Before he entered the prison system, James served in the US Army in Vietnam and was part of a battle for the Fire Support Base Ripcord. The battle was considered one of the worst in the war and has the dubious distinction of being referred to as The Second "Hamburger Hill," for the number of lives lost for nothing. James King recounts his time on Ripcord in his book, "Strike Force Widow-Makers" and is here to tell us about the experience of writing it.
In Strike Force: Widow Makers, you write about a very traumatic time in your life that most people tend to want to forget. Why did you write it?
Strike Force Widow Makers is a story forty-five years in the making. In fact, although it was untitled, the story of Ripcord and other aspects of my two tours in-country were written thirty-five years ago at the advice of a VA therapist who said to me, “if you don’t want to or can’t talk about it, then try writing about it. You have to let those demons out, not bottle them up.” So I wrote it all down, 345 heartfelt and tear-stained pages that were etched upon my memories and tattooed on my soul, then thrown into the fireplace because I felt no one wanted or cared to read them. But in short, I wrote the story because no official report was made about those dead and wounded souls we left behind. They deserve to be heard!
Not only is the memory painful, but you are currently incarcerated, a difficult environment for most people. Did being in prison help you in some emotional way to write your memoir, or did it make the process even more painful?
Some memories are painful but there were some good ones as well. The most profound are the memories of the camaraderie and the friendships made in spite of the hostile hill. But being incarcerated to write this story was somewhat painful due to the fact of my embarrassment of being in prison. Many of my brothers in arms went on to lead respectful and law-abiding lives in spite of the same traumatic experience of war, and I somehow couldn’t get it together. But not only that, but not having someone to talk with as old wounds were again opened and new tears shed at the memories of that time in my life. I still don’t sleep well because of those memories, 2 hours on and 2 hours off as if I’m on LP (listening post) duty all over again, at times waking up back in the steaming, hot jungle of I-Corp or on top of that windy hill that give me the chills at the memory of it. However, it was because of those friendships that helped me pen this story. We used to say sometimes when things got rough, “If a man can make it through Nam, he can make it anywhere.” Mister Jungle certainly taught us that much. Yet I admit writing this story did release some of the demons caused by that war. There are other aspects of the war that plague my memories needing to be exorcised. Maybe writing about it will help with those demons also. We’ll see!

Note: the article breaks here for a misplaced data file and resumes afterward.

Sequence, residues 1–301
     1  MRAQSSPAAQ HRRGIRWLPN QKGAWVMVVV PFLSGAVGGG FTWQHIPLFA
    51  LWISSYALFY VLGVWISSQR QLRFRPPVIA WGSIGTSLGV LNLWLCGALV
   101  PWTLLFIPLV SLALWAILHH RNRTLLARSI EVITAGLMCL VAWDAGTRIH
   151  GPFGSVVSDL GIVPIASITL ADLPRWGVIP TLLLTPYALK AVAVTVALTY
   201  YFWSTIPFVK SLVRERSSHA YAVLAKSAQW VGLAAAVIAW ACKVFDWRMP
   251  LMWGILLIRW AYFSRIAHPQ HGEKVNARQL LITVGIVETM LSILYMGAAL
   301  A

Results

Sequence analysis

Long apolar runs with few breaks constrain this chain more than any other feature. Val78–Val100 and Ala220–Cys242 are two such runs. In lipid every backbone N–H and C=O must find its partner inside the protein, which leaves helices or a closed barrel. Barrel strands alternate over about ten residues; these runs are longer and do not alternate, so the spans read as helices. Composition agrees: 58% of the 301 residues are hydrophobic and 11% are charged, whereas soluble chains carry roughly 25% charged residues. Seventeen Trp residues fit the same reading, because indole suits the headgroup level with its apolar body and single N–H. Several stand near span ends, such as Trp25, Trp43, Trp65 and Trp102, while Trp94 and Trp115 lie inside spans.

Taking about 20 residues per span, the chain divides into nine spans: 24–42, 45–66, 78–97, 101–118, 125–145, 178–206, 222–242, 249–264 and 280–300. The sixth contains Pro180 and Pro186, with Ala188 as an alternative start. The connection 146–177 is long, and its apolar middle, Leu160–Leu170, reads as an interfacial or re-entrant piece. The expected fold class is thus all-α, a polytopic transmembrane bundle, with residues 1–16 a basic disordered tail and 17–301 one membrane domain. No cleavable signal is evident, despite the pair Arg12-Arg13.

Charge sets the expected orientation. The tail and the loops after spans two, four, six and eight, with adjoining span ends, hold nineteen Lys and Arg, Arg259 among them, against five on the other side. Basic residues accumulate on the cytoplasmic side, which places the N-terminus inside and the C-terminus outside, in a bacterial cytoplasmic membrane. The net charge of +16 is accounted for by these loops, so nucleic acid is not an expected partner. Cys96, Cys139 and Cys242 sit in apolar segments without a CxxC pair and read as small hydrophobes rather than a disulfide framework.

How long did it take to write the book, and did you ever want to quit?
It actually took three and a half years to write “Strike Force Widow Markers.” It was unique in its own way because being a platoon op conned (operational-control) to another larger unit, we were only given a small mention of our role in the Ripcord fiasco. Even though we, the 2nd Battalion, 502nd Infantry, brought “Operation Texas Star” to a conclusion, which FSB Ripcord was opened in support of at the beginning of “Texas Star.” At the beginning, I did want to stop as unwanted memories came back but once I really got into it, it kinda flowed outa me. I think a release valve was opened and it couldn’t be stopped.
What do you hope to achieve by writing about the siege of Firebase Ripcord?
First to clear my conscience and, simply put, help those voices from the graves of those dead and wounded soldiers that need to be heard. Also, I hope that others who were there would come forward lending their voices to that tragedy as well. I know there are others including retired Colonel Benjamin Harrison.
You saw men abandoned on the top of the firebase that July day in 1970, do you feel that you have been abandoned as well and why?
I am proud of my service with those men who fought so valiantly during the siege of Ripcord. The men who fought there, wounded there, and died there. We were all abandoned, not just the wounded. But all of us at the time blamed higher-ups (MACV-Saigon) because they did not send the reinforcements needed to hold that position that so many had given their lives to keep. Just as all the other hills numbered and unnumbered, named and unnamed, that were taken at the loss of many American lives, only to be given back to the enemy. Ripcord was the last hill added to that list. Yes, we were abandoned not by the generals who wanted to fight, but by the jerk politicians who fought that battle for political gain. That was who abandoned us on that Hill called Ripcord,
Without giving away a spoiler, do you still feel that prison would have been a better path for you to take in life instead of enlisting?
I can’t say with a certainty that prison would have been a better choice for me instead of enlisting. Maybe, if I could have gained some insight into the issues I was dealing with back there.
Strike Force Widow Makers is available in both print and eBook, and you get a copy here or by clicking on the image above.
You can write to Mr. King at the following address:
P.O. Box 4430